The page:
Relativism or, more specifically, cultural relativism, is the notion that concepts and ideas are relative to the cultural context in which they are produced and understood. Like the image above suggests, the notion of oppression, or male-dominance, might very well differ depending on the culture in which a woman belongs. The idea behind cultural relativism is that ‘panhuman generalizations’ (Spiro 1986, 262) about “culture” and “humanity” are likely to ‘be either false or vacuous’ (ibid.), since (it is argued), no two cultures are the same, or maintain the same understanding(s) of any given concept or idea. Rather, ideologies – such as, for example, “morality”, or “knowledge” – are determined by the ‘historical and social conditions that gave rise to [those concepts]’ (Miller et al. 2019, 295).
Okay, you might be thinking. That sounds straight-forward enough. Different cultures interpret things differently. Got it. Well… not so fast. Just as the cartoon above could be considered reductive – reducing the agency of the women in determining what they wear and why; reducing the relative perceived “seriousness” of male-domination in both cultures; and not to mention the fact that depicting a woman in a full burqa does not necessarily specify her “culture”, merely her religion – so too has cultural relativism received criticism in the academic sphere for being reductive. These days, ‘the label of relativism is more likely to be levelled as an accusation that adopted as a positive description’ (Paleček & Risjord 2012, 10).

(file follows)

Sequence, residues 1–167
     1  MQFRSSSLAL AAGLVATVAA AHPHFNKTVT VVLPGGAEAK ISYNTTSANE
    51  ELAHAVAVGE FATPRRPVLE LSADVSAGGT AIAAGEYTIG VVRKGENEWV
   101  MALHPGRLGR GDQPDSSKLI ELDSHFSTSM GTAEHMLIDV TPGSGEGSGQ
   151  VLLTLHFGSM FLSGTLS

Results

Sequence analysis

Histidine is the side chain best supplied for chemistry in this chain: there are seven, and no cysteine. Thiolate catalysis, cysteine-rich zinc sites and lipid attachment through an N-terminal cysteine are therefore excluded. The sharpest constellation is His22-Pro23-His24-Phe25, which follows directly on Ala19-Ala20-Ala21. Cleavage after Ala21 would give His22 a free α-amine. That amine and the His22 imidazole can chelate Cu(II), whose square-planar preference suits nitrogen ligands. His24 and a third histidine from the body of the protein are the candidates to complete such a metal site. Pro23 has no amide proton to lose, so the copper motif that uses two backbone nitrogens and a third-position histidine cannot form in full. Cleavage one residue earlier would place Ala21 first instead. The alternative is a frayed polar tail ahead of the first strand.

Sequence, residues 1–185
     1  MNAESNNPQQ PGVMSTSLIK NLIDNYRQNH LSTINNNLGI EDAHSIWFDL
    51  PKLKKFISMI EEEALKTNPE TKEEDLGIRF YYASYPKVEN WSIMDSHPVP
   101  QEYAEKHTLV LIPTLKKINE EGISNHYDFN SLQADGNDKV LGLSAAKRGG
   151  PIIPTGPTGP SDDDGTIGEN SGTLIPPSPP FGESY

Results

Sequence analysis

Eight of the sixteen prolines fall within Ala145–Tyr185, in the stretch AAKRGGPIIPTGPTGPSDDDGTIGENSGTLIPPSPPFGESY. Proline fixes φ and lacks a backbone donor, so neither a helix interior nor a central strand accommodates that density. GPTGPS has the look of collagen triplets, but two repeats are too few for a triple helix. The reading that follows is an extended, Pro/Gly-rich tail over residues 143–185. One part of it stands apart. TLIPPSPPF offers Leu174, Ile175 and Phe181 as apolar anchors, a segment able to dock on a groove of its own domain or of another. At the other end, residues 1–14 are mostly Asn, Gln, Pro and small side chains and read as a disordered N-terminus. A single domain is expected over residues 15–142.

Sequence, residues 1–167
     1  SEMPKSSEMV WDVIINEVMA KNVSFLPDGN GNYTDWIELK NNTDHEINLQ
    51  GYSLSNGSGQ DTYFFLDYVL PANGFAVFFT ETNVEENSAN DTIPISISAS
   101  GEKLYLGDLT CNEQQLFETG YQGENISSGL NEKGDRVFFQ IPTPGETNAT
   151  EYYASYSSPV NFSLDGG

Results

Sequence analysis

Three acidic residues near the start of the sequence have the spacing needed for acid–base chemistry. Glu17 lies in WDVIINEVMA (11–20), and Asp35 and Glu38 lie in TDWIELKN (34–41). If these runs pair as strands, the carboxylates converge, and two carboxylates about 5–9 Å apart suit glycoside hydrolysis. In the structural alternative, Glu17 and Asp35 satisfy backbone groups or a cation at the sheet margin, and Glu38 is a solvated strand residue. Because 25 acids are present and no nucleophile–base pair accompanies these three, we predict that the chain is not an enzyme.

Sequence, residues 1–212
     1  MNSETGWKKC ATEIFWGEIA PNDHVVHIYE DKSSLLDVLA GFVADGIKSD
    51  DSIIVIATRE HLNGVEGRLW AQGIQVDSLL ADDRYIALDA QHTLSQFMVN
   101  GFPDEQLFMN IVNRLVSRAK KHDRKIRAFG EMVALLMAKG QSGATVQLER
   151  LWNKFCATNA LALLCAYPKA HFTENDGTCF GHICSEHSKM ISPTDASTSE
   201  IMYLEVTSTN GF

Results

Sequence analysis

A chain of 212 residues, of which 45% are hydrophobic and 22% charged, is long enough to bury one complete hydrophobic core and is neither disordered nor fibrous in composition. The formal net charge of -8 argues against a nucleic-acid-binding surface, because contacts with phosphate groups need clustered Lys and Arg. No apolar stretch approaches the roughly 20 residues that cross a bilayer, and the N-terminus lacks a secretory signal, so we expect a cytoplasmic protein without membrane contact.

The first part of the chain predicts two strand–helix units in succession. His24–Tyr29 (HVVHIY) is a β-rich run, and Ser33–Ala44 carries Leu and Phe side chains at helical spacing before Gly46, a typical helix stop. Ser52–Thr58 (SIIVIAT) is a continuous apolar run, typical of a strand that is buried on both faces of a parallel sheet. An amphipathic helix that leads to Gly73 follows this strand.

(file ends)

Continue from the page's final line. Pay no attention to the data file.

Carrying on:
The debate has been going on for decades. Claiming that all cultures are inherently, intrinsically, fundamentally, different, implies that ‘there are no available transcultural standards by which different cultures might be judged’ (Spiro 1986, 260). Not judged in an aesthetic or superficial sense, but in a moralistic sense. For example, surely the age-old maxim of “murder is bad” should be held universally, no matter the culture? And yet we know it’s not that simple. More than that, though, claiming that cultures are “unique” and distinct from each other is ‘implicitly comparative, in that to be unique means something must be compared and judged diﬀerent to others’ (Miller et al. 2019, 284). In this way, then, cultural relativism has completed an Ouroboros revolution; a snake eating its own tail. Anthropology especially, it is argued, is the most ‘formally aligned with the very idea of the comparative’ of all the social sciences, since comparing cultures is almost ‘definitional of the discipline’ (ibid.). Certainly, cultural relativism is a concept you’re bound to come across many times in your Anthropology studies, in both its positively and negatively associated forms
At this point, I wouldn’t blame you for heaving a great sigh of exasperation and thinking, Well, that doesn’t clear anything up! And you’re not wrong. But, I say, take comfort in its subjectivity: for just as cultural relativism dictates that concepts are relative to the culture in which they are understood, so too is the very concept of cultural relativism relative to the anthropologist in whose work it is being referenced.
Image Source: Malcolm Evans (Artist)
Miller, D., Costa, E., Haapio-Kirk, L., Haynes, N., Sinanan, J., McDonaldn, T., Nicolescu, R., Spyer, J., Venkatraman, S., and Wang, X. 2019, ‘Contemporary Comparative Anthropology – The Why We Post Project’, Ethnos, Vol. 84, No. 2, pp.283-300
Paleček, M. and Risjord, M. 2012, ‘Relativism and the Ontological Turn within Anthropology’, Philosophy of the Social Sciences, Vol. 43, No. 1, pp.3-23
Spiro, M.E. 1986, ‘Cultural Relativism and the Future of Anthropology’, Cultural Anthropology, Vol. 1, No. 3, pp.259-286